Coffee, tea or me? Why I quit coffee
I wake up cloudy and exhausted. Before I even step out of bed the day already feels off. I chug two cups of coffee hoping to wake up. Trying to manage the kids, work, admin — the smallest of hiccups feel overwhelming and insurmountable. I’m grouchy and agitated, bark at everyone, my heart is racing and I can’t focus.
By 2:30 p.m. I am wiped out and wired at the same time. A migraine sets in and I’m not certain I’ll be able to manage the rest of the day, but I down another coffee and power through.
When the evening comes along, my energy and patience is spent. I’m anxious and stressed and can’t wait for bed. Finally, when I turn out the lights — I’m wide awake. Sleep is elusive and I know the next day may be just as bad.
In July of 2021, I quit coffee. Yes, as hard as it is to believe, I stopped drinking that cuppa joe every day. I don’t regret it and I’ve never felt better. It started with a diagnosis of PMDD — Pre-Menstrual Dysmorphic Disorder — which is kind of like your regular PMS but amplified to 1,000 percent. Every time, like clockwork, around one week before my red days, I would become a classic case of Dr. Jekyll and Mr. Hyde. I couldn’t control my frustrations, I had no patience and I pretty much had to wear a sign that read “Beware: Dangerous Creature, may bite your head off.”
Many options were prescribed to me to manage these awful mood swings, including prescriptive anti-anxiety pills, but I was determined to find a holistic and more sustainable answer. In my research, I discovered that coffee — notably the caffeine in coffee — can enhance feelings of stress and agitation.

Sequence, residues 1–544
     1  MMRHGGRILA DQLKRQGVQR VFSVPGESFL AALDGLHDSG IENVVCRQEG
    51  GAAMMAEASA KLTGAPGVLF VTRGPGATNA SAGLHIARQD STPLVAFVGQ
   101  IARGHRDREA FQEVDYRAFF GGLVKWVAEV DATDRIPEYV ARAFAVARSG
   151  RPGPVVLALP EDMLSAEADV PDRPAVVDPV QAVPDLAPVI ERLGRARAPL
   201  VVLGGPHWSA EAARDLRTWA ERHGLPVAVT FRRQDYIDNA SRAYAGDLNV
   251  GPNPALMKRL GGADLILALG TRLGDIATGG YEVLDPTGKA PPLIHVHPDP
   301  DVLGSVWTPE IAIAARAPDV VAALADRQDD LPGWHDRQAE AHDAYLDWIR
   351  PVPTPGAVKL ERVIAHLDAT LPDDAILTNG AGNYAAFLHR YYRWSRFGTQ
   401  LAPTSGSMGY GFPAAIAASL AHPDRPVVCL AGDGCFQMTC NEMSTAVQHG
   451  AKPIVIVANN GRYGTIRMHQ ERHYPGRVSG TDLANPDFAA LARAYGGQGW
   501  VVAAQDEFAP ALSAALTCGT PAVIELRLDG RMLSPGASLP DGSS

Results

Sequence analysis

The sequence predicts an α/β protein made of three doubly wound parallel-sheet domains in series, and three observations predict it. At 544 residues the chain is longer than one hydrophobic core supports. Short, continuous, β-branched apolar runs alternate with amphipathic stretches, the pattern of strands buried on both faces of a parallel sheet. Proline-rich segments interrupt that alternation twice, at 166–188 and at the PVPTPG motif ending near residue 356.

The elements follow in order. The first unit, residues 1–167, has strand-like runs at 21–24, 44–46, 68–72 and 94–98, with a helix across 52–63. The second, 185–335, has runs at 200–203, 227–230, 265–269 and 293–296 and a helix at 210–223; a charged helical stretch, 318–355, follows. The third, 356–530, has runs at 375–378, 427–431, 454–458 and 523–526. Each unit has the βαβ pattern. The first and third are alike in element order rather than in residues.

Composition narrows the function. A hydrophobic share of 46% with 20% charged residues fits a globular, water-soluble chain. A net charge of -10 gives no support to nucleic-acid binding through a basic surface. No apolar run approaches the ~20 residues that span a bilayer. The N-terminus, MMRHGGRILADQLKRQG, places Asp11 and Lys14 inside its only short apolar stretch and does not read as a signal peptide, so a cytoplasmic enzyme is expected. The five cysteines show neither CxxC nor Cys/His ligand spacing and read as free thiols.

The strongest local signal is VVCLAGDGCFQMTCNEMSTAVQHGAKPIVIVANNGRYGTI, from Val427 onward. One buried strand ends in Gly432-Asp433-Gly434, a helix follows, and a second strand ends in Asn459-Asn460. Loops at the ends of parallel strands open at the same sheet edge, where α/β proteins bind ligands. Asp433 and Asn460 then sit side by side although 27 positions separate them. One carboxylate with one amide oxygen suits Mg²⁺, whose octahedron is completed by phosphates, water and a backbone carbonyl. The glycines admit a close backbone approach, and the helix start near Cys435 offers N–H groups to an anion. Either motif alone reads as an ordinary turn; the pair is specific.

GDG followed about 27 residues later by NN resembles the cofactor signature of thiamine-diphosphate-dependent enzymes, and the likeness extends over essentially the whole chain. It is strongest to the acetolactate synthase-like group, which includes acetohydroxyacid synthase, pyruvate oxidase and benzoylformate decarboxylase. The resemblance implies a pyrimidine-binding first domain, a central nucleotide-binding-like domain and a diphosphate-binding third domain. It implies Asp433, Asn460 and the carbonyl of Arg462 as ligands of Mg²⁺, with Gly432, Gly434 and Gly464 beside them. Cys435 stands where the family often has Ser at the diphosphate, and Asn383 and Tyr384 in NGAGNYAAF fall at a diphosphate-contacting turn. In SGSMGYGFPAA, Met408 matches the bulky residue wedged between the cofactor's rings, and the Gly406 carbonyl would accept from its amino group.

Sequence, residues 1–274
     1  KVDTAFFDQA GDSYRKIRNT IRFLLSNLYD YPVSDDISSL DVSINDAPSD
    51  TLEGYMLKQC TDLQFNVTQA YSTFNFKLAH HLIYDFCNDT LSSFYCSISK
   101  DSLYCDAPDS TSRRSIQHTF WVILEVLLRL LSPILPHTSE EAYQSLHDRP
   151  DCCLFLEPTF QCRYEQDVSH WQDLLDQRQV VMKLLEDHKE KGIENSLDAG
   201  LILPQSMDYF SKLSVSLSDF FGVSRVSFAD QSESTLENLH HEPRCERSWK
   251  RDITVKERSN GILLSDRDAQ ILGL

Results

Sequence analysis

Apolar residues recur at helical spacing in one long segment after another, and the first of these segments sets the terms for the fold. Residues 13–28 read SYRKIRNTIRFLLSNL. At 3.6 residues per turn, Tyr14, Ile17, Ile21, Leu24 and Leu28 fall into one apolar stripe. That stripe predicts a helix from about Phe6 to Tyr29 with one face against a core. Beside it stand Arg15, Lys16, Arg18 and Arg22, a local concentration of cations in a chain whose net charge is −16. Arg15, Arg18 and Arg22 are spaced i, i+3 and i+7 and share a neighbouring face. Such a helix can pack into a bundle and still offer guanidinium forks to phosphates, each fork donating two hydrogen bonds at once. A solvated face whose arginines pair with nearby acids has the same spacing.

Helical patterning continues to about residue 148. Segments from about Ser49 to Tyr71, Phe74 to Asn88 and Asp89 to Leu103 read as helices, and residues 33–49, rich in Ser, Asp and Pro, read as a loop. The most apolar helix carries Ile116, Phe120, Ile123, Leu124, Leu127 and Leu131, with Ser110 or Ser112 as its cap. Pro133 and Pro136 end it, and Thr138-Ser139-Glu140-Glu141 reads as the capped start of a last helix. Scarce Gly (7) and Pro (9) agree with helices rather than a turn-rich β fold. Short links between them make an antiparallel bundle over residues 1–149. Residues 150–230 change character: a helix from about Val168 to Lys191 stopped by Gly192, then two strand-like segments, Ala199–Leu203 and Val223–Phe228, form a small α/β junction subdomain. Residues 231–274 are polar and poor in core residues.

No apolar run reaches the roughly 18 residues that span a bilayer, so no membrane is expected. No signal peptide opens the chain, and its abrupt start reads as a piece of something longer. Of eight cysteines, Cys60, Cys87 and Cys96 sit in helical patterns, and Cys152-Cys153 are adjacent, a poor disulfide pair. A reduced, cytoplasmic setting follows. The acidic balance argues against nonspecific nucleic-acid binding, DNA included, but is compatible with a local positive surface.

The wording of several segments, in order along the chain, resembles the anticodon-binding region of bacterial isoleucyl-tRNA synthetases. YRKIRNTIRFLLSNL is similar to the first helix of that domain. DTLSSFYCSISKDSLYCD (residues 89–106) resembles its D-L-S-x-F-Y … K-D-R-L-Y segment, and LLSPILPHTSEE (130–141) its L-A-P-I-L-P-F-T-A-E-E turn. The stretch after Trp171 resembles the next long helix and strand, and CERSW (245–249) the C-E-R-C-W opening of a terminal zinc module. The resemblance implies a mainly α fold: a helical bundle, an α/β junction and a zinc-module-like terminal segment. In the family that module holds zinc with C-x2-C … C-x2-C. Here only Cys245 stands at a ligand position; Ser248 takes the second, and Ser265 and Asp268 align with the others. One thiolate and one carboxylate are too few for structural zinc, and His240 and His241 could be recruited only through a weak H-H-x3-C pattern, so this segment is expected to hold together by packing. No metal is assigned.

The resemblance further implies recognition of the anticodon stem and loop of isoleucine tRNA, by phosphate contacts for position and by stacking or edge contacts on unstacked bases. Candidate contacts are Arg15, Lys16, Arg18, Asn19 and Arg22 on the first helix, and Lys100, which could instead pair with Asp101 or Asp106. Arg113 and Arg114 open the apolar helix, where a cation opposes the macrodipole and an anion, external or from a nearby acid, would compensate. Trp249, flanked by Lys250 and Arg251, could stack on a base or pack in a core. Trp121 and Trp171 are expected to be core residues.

I started by switching out my coffee in the mornings before my period came along and replacing it with cacao. The effects were immediate and from there, it was easy to kick that coffee habit by prolonging the days without it. Now I still enjoy a nice espresso or latte maybe two to three times a month, but more as a treat and, almost always, decaf.
“For most of us, to be caffeinated to one degree or another has simply become baseline human consciousness,” shares food activist Michael Pollan in a recent article in The Guardian. He goes on to explain that “90 percent of humans ingest caffeine regularly, making it the most widely used psychoactive drug in the world.”
Since it is also hidden in other beverages such as soft drinks, energy drinks and the like, it is not even thought of as a drug. How can that Venti Caramel Frappuccino be a drug? It seems so innocuous that we even unthinkingly serve this to children. Pollan expounds his thoughts and declares: “It’s so pervasive that it’s easy to overlook the fact that to be caffeinated is not baseline consciousness but, in fact, an altered state. It just happens to be a state that virtually all of us share, rendering it invisible.”
Many options were prescribed to me to manage these awful mood swings, but I was determined to find a holistic and more sustainable answer.